American Photography’s Golden Age

Mathew Brady: American Art Series

Random House Value, 112 pp., $16.99

The North American Indians

by Edward Curtis
Aperture, 96 pp., $19.95 (paper)

Genthe’s Photographs of San Francisco’s Old Chinatown

by Arnold Genthe, by John K Tchen
Dover, 128 pp., $10.95 (paper)

Alfred Stieglitz: An American Seer

by Dorothy Norman
Aperture, 240 pp., $29.95; $17.50 (paper)

Alfred Stieglitz: A Biography

by Richard Whelan
Little, Brown, 662 pp., $29.95

Alfred Stieglitz at Lake George

by John Szarkowski
Abrams/Museum of Modern Art, 112 pp., $35.00; $19.95 (paper)

Gertrude Käsebier: The Photographer and Her Photographs

by Barbara Michaels
Abrams, 192 pp., $45.00

Alvin Langdon Coburn: Symbolist Photographer, 1882–1966

by Mike Weaver
Aperture, 80 pp., $25.00; $19.95 (paper)

Women at Work: One Hundred and Fifty-Three Photographs

by Lewis W Hine
Dover, 128 pp., $9.95 (paper)

Men at Work: Photographic Studies of Modern Men and Machines

by Lewis W Hine
Dover, 63 pp., $6.95

Paul Strand: An American Vision

Aperture, 171 pp., $100.00

Paul Strand (Aperture Masters of Photography Series, No. 1)

Aperture, 95 pp., $22.95; $14.95 (paper)

Edward Weston: Forms of Passion

edited by Gilles Mora
Abrams, 368 pp., $65.00

Tina Modotti: Photographs

by Sarah M Lowe
Abrams/Philadelphia Museum of Art, 160 pp., $45.00

Berenice Abbott: Photographs

Smithsonian, 176 pp., $29.95 (paper)

American Photographs

by Walker Evans
Abrams/Museum of Modern Art, 208 pp., $40.00; $29.95 (paper)

Walker Evans: The Hungry Eye

by Gilles Mora
Abrams, 368 pp., $65.00

Walker Evans: The Getty Museum Collection

by Judith Keller
J. Paul Getty Museum, 410 pp., $95.00

Photography and the American Scene

by Robert Taft
Dover, 557 pp., $13.95

The History of Photography from 1839 to the Present (fifth edition, 1982)

by Beaumont Newhall
Museum of Modern Art, 320 pp., $29.95 (paper)

Americans did not invent photography, and perhaps this has always rankled just a bit. After all, the list of American discoveries during the nineteenth century seems to include nearly everything: the carpet sweeper and the machine gun, the sleeping car and the harvester-thresher, the electric iron and the incandescent light, the phonograph and the safety razor, linotype and vulcanized rubber, and on and on. For another thing, the United States, just twenty-four years old at the century’s start, was busy inventing itself, and photography—discovered in France by Nicéphore Niépce and developed there by Louis Daguerre and independently in England by William Henry Fox Talbot—would prove to be an essential tool in that process of self-creation. But just as the national identity could compose itself from the synthesis of many nationalities, and just as the American language—based on English, itself a synthesis—would become an omnivorous and ever-expanding construct that could take in borrowings from virtually every language, so the art and science of photography was effortlessly adopted by the fledgling nation, which could almost persuade itself of its ownership.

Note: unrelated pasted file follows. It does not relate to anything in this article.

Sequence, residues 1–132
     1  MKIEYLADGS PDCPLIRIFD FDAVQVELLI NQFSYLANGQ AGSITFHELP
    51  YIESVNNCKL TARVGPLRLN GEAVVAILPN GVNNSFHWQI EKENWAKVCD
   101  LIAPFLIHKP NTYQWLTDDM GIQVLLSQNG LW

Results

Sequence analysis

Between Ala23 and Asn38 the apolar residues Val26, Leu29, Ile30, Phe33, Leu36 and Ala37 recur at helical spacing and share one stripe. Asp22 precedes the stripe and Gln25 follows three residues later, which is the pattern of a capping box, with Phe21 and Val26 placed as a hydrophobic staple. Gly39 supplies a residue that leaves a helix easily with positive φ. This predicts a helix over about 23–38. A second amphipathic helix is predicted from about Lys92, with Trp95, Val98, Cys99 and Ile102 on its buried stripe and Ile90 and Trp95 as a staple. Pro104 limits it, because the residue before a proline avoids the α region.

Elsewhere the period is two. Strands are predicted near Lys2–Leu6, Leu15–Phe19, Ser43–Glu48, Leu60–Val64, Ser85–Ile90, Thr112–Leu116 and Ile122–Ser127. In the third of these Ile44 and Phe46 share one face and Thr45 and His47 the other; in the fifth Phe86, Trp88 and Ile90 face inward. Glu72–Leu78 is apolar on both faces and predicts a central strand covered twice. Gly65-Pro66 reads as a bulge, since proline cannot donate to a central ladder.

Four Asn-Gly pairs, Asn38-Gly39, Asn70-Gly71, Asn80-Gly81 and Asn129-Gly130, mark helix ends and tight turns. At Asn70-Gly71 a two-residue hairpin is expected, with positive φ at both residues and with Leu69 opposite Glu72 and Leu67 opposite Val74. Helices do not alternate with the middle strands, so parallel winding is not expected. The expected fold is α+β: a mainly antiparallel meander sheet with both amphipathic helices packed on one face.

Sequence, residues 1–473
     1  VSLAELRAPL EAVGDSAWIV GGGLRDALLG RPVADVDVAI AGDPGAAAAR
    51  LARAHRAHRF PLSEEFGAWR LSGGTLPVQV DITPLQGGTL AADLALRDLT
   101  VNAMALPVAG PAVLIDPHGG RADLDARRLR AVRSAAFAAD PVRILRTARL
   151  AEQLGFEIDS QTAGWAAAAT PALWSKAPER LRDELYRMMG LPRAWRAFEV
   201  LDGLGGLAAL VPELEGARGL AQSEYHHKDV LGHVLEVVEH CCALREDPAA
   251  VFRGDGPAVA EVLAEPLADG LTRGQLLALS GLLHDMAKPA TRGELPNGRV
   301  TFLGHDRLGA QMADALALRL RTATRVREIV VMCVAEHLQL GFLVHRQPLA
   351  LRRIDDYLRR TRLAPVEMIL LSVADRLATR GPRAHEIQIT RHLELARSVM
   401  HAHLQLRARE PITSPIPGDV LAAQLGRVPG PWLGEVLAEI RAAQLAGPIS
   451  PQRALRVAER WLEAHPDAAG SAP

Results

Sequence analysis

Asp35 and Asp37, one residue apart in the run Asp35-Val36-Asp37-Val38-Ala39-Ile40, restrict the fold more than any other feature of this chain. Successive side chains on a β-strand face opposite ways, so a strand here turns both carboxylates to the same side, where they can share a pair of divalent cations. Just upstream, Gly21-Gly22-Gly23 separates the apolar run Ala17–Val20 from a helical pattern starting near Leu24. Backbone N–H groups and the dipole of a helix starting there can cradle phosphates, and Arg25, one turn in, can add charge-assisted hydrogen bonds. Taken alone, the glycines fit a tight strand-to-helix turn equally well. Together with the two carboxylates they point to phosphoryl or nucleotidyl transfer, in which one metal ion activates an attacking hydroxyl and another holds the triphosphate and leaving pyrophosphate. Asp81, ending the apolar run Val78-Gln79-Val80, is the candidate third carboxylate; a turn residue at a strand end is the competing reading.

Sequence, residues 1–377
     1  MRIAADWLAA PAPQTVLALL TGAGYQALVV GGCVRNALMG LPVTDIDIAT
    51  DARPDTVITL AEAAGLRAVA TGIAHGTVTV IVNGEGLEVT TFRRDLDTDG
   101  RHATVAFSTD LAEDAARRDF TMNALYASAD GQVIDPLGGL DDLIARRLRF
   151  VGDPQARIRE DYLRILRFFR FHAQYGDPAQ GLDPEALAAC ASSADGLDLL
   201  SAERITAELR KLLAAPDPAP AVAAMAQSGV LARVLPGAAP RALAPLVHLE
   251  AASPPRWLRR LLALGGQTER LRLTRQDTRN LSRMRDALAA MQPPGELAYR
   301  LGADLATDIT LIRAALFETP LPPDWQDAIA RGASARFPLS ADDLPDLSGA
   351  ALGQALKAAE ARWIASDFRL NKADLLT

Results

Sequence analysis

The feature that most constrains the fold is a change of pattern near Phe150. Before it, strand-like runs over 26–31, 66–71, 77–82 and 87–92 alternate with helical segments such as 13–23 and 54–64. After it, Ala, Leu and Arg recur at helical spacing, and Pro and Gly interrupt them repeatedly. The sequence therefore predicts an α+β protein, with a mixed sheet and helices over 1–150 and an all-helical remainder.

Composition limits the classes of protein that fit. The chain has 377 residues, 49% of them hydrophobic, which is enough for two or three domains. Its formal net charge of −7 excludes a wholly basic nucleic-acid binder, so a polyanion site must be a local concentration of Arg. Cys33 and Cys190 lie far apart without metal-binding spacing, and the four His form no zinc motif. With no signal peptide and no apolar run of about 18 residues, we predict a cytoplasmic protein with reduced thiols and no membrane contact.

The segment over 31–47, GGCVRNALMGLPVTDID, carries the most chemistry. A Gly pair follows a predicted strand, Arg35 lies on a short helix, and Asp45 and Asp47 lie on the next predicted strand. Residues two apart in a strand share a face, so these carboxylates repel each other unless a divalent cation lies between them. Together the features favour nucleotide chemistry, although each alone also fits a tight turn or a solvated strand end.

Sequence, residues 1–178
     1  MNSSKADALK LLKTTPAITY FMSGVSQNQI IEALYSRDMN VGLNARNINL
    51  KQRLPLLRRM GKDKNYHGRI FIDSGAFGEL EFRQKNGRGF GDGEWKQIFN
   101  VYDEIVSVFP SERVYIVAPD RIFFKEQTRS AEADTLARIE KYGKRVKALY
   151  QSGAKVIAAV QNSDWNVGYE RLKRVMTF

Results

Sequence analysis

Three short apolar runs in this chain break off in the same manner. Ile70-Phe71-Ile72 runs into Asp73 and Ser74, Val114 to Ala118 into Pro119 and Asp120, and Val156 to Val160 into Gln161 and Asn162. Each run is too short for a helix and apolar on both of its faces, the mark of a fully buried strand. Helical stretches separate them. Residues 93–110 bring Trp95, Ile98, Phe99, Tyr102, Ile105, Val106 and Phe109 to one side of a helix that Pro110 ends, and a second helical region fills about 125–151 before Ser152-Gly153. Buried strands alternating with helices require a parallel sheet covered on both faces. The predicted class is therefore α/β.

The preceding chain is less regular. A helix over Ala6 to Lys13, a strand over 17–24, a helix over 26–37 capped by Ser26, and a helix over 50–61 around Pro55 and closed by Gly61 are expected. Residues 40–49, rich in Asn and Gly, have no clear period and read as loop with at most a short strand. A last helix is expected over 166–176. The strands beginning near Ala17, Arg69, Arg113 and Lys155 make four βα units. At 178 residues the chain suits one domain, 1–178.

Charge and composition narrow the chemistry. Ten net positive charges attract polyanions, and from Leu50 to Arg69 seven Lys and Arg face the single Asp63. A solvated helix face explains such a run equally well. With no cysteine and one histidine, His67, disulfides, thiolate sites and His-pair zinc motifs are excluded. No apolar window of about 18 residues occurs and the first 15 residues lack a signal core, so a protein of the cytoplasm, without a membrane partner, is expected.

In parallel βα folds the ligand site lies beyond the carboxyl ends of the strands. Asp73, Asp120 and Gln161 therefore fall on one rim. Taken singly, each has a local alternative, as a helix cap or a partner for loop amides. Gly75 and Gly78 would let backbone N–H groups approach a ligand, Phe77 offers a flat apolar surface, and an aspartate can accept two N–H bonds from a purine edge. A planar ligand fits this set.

For much of the nineteenth century the arts in America were a rope tugged at one end by those beholden to Europe and yearning for Europe’s approval, and at the other by those who sought an entirely new template, specific to the geography and history and language of the United States. Numerous well-known examples of the difficulties encountered by the latter cause can be found in literary history: the derision at home that countered Poe’s fame abroad, the neglect that Melville fell into at the height of his powers, the total obscurity in which half of Emily Dickinson’s work lay for a full century. Visual artists had a somewhat easier time of it, for reasons that had a great deal to do with the relation of Americans to their own landscape. The scale of the American vista demanded representation in ways that had few antecedents in European painting, and those painters who could deliver the goods became popular across class lines, whether their subjects were the familiar valleys of the East Coast or the titanic panoramas of the far West. Frederic Edwin Church’s massive Niagara (1857) is a famous but hardly unique example of a painting that could draw large crowds without sacrificing anything in the way of artistic integrity.

By the time photography was technically capable of taking in the grandeur of Western landscapes its audience was already well prepared. One of the decisive factors in this preparation was the Civil War, extensively documented by photographers as no war had been up to that time. (The Crimean War had been well photographed, by Roger Fenton among others, but to a much lesser extent.) Mathew Brady’s atelier—which included among its most important operatives Alexander Gardner and Timothy H. O’Sullivan, who both went on to significant postwar careers—determined many people’s visual imagination of the war. They recorded campgrounds and …

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